- The Washington Times - Monday, August 1, 2016

ANALYSIS/OPINION:

Voters in at least five states, including California, will be asked whether they want to legalize marijuana for casual use on Election Day. Four states and Washington D.C. have already taken this step. “This is really a watershed year for marijuana legalization,” said F. Aaron Smith, executive director of the National Cannabis Industry Association.

Proponents like the Drug Policy Alliance claim that legalization should occur partially for “health” reasons. The Marijuana Policy Project has called pot “harmless.” Others say it is “safe” and even “healthy.” Nearly all proponents seem to deny or minimize its risks. Popular culture reinforces this view portraying use generally as a risk-free endeavor. And big business looking to cash in on legalization is all too happy to propagate this claim.

But here’s the problem: This view is out of step with the medical literature. In fact, a scientific consensus exists that marijuana has serious health implications — even for casual users. Voters considering legalization on Election Day shouldn’t overlook these risks.

Start with marijuana’s impact on users’ IQ and motivation. A major New Zealand study that tracked users over many years found that chronic use starting in adolescence is associated with an average 8-point drop in IQ in mid-adulthood. That is a big percentage drop not to be taken lightly. The study found that even those who quit in adulthood were not able to recover these IQ points. Several other large studies conclude that use can cause impairment of cognitive ability at any age, though to a lesser degree.

Research also shows a link between marijuana use and a motivational syndrome — characterized by reduced determination and drive. It is reaffirmed by several studies that have linked marijuana use to criminal behavior, unemployment, lower incomes, greater welfare dependence, and lower life satisfaction.

Marijuana’s negative effects go beyond slacking. Research shows that it disrupts the brain areas that regulate posture, coordination, balance and reaction time. These side effects are why several large studies find that that drivers high on marijuana are three to seven times more likely to be responsible for a car accident.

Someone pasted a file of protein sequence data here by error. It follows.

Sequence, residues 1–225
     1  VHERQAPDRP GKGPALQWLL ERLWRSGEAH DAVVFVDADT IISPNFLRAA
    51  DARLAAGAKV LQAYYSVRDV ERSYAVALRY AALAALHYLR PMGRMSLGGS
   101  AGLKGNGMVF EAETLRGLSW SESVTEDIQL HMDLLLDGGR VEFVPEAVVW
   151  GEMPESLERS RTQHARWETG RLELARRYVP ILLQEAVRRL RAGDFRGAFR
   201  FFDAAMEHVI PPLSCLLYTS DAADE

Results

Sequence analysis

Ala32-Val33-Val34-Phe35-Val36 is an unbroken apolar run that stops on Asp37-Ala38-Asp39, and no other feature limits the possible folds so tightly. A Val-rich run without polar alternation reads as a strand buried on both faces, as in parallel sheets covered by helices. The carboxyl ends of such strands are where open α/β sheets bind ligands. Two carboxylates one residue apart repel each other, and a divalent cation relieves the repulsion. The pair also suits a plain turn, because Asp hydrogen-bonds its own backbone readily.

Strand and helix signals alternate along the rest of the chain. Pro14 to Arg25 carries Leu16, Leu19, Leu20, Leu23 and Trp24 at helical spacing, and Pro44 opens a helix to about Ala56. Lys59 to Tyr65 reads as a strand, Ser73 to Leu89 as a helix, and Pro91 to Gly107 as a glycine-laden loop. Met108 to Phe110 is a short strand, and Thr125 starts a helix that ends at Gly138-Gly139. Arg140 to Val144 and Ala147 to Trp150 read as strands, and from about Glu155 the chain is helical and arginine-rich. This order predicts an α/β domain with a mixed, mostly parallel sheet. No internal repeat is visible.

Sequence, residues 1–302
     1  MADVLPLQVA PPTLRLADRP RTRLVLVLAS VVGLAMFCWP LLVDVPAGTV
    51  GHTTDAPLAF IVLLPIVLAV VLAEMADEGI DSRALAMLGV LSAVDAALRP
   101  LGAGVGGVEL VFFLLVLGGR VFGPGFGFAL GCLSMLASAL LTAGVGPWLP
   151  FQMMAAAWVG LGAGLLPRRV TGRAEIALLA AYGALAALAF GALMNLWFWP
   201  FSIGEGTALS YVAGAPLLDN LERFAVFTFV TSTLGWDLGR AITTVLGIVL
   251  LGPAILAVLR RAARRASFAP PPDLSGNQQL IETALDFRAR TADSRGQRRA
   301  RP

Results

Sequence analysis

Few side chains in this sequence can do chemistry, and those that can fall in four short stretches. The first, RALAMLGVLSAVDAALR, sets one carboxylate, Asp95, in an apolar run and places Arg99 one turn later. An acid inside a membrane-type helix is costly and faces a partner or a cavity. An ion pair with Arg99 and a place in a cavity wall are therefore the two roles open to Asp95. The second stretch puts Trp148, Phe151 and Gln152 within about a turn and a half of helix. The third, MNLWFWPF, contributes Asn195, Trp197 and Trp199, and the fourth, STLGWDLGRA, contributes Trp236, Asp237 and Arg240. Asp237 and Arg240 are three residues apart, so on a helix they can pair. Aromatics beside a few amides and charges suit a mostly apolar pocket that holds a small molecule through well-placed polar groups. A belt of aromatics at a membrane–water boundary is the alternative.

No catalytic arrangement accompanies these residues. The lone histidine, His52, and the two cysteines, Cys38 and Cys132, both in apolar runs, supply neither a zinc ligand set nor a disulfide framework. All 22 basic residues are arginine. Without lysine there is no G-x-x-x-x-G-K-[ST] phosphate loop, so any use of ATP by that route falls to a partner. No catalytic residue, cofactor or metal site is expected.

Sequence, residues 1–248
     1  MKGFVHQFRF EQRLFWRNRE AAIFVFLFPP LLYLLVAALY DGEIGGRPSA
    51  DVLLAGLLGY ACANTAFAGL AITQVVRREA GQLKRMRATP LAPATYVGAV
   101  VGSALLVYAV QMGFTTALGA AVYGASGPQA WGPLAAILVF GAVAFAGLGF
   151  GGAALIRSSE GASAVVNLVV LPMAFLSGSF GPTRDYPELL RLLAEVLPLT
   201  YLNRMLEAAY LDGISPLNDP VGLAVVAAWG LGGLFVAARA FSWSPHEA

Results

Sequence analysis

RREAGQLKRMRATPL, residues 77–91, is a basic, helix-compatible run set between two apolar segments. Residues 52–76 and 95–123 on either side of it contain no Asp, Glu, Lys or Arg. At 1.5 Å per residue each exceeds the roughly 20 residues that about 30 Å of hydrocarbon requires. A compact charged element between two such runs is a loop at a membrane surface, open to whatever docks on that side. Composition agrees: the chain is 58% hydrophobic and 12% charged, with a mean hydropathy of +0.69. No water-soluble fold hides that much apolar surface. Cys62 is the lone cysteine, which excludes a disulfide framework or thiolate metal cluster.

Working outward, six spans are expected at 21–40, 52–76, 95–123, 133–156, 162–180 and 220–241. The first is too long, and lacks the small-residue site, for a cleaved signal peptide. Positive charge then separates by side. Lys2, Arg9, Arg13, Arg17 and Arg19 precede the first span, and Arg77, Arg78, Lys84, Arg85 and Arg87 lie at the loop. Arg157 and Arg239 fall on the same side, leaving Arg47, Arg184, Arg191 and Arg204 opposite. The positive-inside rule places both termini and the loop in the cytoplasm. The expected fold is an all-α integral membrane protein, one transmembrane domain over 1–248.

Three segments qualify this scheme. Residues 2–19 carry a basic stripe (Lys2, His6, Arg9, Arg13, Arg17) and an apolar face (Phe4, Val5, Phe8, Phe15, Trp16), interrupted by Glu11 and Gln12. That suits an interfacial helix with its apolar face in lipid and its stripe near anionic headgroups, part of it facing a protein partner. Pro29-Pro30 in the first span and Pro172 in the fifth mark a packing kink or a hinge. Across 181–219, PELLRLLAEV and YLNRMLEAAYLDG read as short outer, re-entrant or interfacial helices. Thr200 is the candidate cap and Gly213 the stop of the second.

“Disrupts” is medical lingo for shrinks. I don’t want to be associated with the fear-mongering “This is your brain; this is your brain on drugs” commercials from last century, but their underlying message was essentially correct. According to research published in the medical journal Proceedings of the National Academy of Sciences: “Someone who uses marijuana regularly has, on average, less gray matter in his orbital frontal cortex.”

Another study finds that the hippocampus — the part of the brain responsible for long-term memory — is abnormally shaped in daily marijuana users. Here’s the kicker: Studies show even casual marijuana use causes abnormalities in the density, volume and shape of the brain.

Potentially because of its impact on the brain, marijuana use doubles the risk of developing psychotic disorders like schizophrenia for those already prone to them. A 2013 review concluded: “It is now known beyond doubt that cannabis acts as a component cause of psychosis.”

Perhaps the biggest marijuana myth is that it’s not addictive. Not true, says the medical literature. The National Institutes of Health finds 30 percent of users form some sort of dependence on the drug, with about 10 percent of those users becoming addicted. These rates are far higher for those starting earlier in life. That’s not a lottery we’d play.

So what is responsible for this disconnect between popular opinion and medical reality? A big part of it may have to do with the fact that marijuana today is much stronger than it was in previous generations. The average THC level in today’s marijuana is approximately three times that of 1990, with some experts saying it’s up to six times more potent. This isn’t the marijuana of the Woodstock generation.

There’s no question that marijuana does have medicinal benefits. Its anti-inflammatory and pain-relief effects are well-documented. And animal studies have shown that it kills certain cancer cells, reduces the size of others, and increases the effects of radiation treatments. But this isn’t an argument for legalization of casual use. Opium also has medicinal benefits, and no one is saying that we should legalize heroin.

Voters considering legalizing marijuana on Election Day should look past vested interests’ view that marijuana is safe. They should make their vote with the clear eyes of the scientific community, not the bloodshot ones of pot proponents.

Richard Berman is the president of Berman and Company, a public affairs firm in Washington, D.C.

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